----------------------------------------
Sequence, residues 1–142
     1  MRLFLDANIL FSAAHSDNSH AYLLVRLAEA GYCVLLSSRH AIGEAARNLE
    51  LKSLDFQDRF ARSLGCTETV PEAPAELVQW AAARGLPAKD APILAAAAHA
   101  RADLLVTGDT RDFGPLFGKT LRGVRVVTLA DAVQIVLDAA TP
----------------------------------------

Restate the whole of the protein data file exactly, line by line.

Sequence, residues 1–142
     1  MRLFLDANIL FSAAHSDNSH AYLLVRLAEA GYCVLLSSRH AIGEAARNLE
    51  LKSLDFQDRF ARSLGCTETV PEAPAELVQW AAARGLPAKD APILAAAAHA
   101  RADLLVTGDT RDFGPLFGKT LRGVRVVTLA DAVQIVLDAA TP